|Round-leaved Sundew||Sundew family|
Sundews tend to grow on the edges of bogs and streams, in waterlogged conditions,
on acidic peaty soils. Since this type of soil is very low in nutrients,
the plant supplements its mineral requirements by trapping and digesting insects.
The leaves are covered in long hairs; at the end of each hair is a ball of glistening sticky goo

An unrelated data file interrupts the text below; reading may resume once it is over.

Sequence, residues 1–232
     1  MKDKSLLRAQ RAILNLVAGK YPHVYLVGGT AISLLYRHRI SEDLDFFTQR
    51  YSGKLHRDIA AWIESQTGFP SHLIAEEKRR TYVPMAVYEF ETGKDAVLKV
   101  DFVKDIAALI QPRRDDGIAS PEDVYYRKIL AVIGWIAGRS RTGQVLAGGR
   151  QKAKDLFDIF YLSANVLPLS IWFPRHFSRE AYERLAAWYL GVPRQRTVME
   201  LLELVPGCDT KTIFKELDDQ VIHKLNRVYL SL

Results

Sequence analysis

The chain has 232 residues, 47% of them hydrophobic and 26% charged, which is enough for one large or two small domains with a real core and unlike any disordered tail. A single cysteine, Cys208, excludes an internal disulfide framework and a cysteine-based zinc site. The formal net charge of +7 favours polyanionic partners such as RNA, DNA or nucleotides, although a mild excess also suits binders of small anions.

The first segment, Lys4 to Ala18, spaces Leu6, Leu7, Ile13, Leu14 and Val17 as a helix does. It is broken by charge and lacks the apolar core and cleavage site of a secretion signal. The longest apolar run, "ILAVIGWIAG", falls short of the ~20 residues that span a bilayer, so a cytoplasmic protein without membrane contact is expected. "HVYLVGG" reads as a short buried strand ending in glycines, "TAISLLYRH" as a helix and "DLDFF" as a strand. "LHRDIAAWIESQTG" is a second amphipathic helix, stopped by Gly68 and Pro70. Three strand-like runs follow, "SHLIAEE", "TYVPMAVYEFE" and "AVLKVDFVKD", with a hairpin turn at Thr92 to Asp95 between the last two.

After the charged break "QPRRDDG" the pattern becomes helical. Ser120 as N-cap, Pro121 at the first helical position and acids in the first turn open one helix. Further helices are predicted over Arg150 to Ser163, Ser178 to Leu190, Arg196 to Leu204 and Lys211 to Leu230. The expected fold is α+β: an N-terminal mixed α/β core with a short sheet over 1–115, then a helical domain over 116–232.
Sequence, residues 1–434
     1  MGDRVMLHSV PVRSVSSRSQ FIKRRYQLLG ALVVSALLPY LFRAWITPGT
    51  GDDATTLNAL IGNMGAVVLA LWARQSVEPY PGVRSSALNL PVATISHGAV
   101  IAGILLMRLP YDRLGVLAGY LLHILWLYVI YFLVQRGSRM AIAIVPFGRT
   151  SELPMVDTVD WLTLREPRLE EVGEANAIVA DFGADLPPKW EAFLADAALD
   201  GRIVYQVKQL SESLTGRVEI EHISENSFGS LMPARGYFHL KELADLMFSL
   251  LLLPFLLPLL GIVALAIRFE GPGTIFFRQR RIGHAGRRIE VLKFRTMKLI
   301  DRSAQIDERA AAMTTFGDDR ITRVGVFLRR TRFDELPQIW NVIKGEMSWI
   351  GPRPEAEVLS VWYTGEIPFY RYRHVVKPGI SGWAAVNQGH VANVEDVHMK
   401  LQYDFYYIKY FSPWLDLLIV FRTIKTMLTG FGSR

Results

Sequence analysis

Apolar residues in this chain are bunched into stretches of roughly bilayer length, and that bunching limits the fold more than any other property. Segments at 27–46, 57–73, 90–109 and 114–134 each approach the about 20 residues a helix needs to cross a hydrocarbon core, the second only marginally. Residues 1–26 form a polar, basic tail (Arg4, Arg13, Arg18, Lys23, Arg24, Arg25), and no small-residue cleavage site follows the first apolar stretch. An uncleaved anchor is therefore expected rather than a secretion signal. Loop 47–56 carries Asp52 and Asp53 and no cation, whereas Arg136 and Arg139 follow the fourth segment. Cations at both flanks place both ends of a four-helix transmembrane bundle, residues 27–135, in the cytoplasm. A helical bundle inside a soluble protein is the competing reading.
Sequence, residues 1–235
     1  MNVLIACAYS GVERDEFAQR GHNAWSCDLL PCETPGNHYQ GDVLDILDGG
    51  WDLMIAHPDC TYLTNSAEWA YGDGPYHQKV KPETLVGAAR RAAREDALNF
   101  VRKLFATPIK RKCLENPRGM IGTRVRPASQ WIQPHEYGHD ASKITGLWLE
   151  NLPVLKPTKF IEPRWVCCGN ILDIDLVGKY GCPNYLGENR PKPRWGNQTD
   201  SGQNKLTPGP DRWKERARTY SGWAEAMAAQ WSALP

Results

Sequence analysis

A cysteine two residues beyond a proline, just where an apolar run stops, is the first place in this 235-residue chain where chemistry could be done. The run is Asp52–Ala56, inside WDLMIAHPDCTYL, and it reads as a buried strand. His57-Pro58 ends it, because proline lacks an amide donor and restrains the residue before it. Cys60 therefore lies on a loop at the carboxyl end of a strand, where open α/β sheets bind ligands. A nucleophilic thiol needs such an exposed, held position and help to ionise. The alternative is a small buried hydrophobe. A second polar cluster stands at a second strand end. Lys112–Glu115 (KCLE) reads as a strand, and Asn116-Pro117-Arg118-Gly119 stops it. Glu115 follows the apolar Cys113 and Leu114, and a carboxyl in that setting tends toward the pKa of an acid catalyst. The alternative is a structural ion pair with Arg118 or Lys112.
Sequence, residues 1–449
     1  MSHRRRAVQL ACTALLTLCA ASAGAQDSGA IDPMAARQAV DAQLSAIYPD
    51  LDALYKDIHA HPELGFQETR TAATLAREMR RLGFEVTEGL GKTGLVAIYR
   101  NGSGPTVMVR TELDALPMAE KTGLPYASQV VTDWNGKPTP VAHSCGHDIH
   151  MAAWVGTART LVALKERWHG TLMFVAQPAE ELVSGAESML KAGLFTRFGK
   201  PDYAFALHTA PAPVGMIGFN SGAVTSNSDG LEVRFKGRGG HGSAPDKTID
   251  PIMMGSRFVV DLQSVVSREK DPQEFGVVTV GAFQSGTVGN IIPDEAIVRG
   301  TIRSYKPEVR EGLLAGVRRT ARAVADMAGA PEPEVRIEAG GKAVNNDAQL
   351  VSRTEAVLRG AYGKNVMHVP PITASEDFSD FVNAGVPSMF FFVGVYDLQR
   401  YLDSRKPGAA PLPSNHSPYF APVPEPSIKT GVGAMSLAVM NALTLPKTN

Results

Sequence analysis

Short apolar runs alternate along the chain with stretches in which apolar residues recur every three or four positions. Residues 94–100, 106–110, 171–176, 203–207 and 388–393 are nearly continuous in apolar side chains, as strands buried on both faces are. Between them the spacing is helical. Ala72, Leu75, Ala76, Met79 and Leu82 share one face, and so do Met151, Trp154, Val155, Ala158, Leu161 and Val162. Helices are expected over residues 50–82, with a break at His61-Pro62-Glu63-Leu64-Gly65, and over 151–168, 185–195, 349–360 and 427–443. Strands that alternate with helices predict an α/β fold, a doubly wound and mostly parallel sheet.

which entraps insects, after which the leaves close around the insect to digest it.
The white flowers are borne on an erect slender stem, and often do not fully open.
This species is similar to the Oblong-leaved Sundew, differing in the shape of its leaves and the length of its flower stalk.